Online Program

Association of Lead with Cataracts and Vision-Related Problems in Perimenopausal Women

Monday, November 2, 2015

Imogene Drakes, MS, MBA, PhD, FACHE, Walden University, Spring Valley, NY
Around the world, women are subject to an earlier incidence of cataracts, have a higher risk for cataracts, and also have a higher risk for other vision-related problems than men. Previous research has indicated an association between endogenous lead stored in long bones and cataracts in men over 60 years of age; however, a similar study in women did not reveal an association. This case control study was conducted to investigate whether perimenopausal mobilization of endogenous lead serves as a possible causative factor for women’s generalized vision issues and cataract incidence in particular. Secondary data were gathered from 1,416 women aged 40 to 55 years of age from the 2005-2006 and 2007-2008 National Health and Nutrition Examination Surveys. Variables of interest included vision-related issues, cataract surgeries, bone density data, blood lead levels, and markers of lead mobilization. The results of the logistic regression analysis in the absence of confounders (OR = 1.50, 95% CI [1.08, 2.09]) indicated that endogenous lead is a possible causative factor for the low-level vision problems women experience during their perimenopausal years. Chi-square analysis of mobilized lead was also associated with cataract surgeries, p < .05. This appears to be the first report of a possible association between lead and cataracts in women and highlights the need for women to be studied in the context of their biology when their clinical results differ from those of men. These results should engender positive social change initiatives to minimize women’s perimenopausal exposure to endogenous lead.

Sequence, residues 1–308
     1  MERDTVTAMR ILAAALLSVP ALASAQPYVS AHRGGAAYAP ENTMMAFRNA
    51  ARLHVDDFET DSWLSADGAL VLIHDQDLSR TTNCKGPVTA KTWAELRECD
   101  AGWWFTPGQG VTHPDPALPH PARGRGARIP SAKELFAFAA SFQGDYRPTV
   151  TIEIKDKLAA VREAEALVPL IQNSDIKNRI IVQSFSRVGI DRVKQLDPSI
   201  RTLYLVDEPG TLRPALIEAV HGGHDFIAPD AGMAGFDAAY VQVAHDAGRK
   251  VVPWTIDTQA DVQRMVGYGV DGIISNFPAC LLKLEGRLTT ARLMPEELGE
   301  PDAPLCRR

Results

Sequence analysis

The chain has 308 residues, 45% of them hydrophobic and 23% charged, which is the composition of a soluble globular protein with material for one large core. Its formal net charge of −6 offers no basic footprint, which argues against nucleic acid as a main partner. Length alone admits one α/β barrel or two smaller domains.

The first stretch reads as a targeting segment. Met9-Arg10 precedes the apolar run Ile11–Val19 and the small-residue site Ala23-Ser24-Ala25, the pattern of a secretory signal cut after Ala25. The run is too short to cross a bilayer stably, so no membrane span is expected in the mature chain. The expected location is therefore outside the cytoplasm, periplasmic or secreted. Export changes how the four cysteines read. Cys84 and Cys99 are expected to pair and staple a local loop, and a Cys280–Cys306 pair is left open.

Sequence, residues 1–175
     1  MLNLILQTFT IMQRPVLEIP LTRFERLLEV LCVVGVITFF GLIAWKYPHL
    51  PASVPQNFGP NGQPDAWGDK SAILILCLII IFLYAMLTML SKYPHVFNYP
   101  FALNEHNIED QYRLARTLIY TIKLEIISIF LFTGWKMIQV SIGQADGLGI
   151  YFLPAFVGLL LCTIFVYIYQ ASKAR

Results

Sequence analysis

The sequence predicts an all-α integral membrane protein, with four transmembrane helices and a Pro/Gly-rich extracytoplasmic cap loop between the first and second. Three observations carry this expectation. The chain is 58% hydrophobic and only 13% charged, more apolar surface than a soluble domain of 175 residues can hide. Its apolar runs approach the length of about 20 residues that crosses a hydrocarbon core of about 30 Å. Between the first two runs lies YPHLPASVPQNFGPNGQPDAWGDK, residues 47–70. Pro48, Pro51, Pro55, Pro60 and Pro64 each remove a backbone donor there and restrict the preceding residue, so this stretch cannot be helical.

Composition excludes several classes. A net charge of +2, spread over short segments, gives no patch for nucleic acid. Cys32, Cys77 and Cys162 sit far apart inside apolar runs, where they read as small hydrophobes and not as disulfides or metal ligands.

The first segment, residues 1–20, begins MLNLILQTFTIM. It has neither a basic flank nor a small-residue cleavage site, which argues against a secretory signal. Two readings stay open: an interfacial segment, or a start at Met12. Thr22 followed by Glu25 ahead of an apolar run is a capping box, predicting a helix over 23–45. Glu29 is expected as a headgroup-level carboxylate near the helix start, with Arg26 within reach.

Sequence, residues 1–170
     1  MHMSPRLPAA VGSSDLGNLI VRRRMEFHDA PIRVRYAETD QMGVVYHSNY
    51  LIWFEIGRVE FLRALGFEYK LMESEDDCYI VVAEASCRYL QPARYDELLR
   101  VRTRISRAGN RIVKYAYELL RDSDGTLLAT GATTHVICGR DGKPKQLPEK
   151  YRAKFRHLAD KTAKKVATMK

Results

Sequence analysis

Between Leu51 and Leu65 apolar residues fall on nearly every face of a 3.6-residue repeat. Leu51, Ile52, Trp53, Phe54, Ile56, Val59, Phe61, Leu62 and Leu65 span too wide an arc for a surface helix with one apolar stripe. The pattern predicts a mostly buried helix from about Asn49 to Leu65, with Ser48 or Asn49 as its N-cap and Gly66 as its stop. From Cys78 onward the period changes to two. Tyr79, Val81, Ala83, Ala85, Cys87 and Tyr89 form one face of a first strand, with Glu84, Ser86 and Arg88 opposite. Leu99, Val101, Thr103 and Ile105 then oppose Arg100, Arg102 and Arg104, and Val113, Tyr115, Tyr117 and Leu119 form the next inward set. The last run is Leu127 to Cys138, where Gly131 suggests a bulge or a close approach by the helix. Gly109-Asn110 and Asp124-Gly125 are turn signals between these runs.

Learning Areas:

Administer health education strategies, interventions and programs
Advocacy for health and health education
Environmental health sciences
Implementation of health education strategies, interventions and programs
Public health biology

Learning Objectives:
Describe possible processes that could account for earlier cataracts and other vision-related problems in women than in men. Explain the recent analysis performed to identify a possible causative factor. Outline possible next steps to resolve the enigma.

Keyword(s): Women's Health, Vision Care

Presenting author's disclosure statement:

Qualified on the content I am responsible for because: This abstract is the abstract from my dissertation that was successfully defended in December 2014 at Walden University. I have worked in clinical laboratory science for the past 30 years.
Any relevant financial relationships? No

I agree to comply with the American Public Health Association Conflict of Interest and Commercial Support Guidelines, and to disclose to the participants any off-label or experimental uses of a commercial product or service discussed in my presentation.